Rain Washes Away Fertilizer Into Local Waters: Myth Debunked


By Rick Orr
Pest Control Tech spraying a St AUgustine lawn by Tampa Bay
Lawns don't Pollute - They De-Pollute by filtering out pollution including fertilizer and lawn chemicals

It is Science

The science behind why the rain does not wash away the fertilizer is basic organic chemistry - chemical bonds between charged particles. It is like a magnet and iron filings - organic matter (grass leaves, debris, and the soil microbes) are the magnets and the fertilizer spray is the iron fillings. When we spray your lawn the fertilizer is tightly held onto the organic matter by chemical bonds. These chemical bonds cannot be broken by rain, so the rain cannot wash away the fertilizer or chemicals.

Water In after Application

Rain or irrigation after application helps our fertilizer and chemicals to stay on the lawn. The instructions printed on the label require that our spray be watered in after being applied to the lawn. This helps spread the fertilizer over more surfaces. The more surfaces, the more the chemical bonds, the more chemical bonds the more tightly the fertilizer and chemicals are held in the lawn.

Rain Does Not Wash Away the Fertilizer

Did you ever notice how lawns turn green after the rains? If the fertilizer washed away with the rains, the lawn would turn yellow, but it doesn’t. Why? Because the rain did not wash away the fertilizer!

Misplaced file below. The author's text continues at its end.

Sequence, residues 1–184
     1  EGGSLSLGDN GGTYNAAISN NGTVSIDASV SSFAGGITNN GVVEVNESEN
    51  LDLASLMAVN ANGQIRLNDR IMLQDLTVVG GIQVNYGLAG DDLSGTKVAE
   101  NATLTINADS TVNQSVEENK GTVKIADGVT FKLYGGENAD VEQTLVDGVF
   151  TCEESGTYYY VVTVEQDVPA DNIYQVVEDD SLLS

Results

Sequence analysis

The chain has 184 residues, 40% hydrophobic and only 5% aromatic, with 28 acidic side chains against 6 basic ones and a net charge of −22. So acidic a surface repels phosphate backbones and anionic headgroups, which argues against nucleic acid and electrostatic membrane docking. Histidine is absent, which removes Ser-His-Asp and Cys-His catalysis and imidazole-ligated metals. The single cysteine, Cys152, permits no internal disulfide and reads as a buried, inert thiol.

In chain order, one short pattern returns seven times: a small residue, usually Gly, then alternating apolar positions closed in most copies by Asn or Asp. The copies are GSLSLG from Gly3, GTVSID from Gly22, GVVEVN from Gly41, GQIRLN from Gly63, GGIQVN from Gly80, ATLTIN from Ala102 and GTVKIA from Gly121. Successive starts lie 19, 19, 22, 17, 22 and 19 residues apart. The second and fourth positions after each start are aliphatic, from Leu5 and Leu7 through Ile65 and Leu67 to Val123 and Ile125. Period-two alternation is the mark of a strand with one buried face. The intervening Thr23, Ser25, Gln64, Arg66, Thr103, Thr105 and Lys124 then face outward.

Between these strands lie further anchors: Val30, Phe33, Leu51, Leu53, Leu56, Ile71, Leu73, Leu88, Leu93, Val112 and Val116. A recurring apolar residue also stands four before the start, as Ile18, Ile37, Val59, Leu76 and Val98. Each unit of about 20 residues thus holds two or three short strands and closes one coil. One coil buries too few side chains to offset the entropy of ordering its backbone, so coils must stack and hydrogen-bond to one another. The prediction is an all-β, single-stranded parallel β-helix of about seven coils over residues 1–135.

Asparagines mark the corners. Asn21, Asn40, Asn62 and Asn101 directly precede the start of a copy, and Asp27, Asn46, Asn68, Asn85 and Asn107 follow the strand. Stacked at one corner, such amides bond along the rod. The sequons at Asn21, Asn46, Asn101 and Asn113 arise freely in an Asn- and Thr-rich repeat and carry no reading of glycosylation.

Moist Soil Is Critical to Survival 

A dry soil starves a plant – wet soil feeds a plant. A plant must have moist soil to absorb the nutrients clinging to the organic matter. When a lawn is well watered – like after a rain - it can absorb more nutrients, be healthy, and thrive. Whereas a dry lawn is yellow weak and often in a “survival mode” of just barely living. To take full advantage of lawn spraying you should be generous with the water.

A Tall Canopy Helps

Mowing at 4” or higher increases the amount of surface area in the lawn. The more surface area, the more chemical bonds. To take full advantage of lawn spraying you should mow your lawn at 4” or higher.

Rick Orr Owner-Staff Agronomist Barefoot Grassl/Creator of ILOVETURF.COM
Staff Agronomist at Barefoot Grass

Since 1995, Rick Orr has worked in Pinellas County providing turf management and pest control. Rick Orr is a graduate of VA Tech in Agronomy (Turf Ecology) and the creator of Iloveturf.com. 

Since graduating from VA Tech in 1979, Rick worked in the green industry, mostly with golf courses, resorts, and large communities. Rick has obtained certifications in arboriculture, landscape, irrigation, and taught Environmental Horticulture at St Petersburg College. 

Currently, Rick is the Staff Agronomist at Barefoot Grass in Largo, FL. To learn more about Barefoot Grass https://www.barefootgrass.com/ Free Price Quote from Barefoot Grass for Home Pest Control and/or Lawn Care https://www.barefootgrass.com/contact-weed-control/ 

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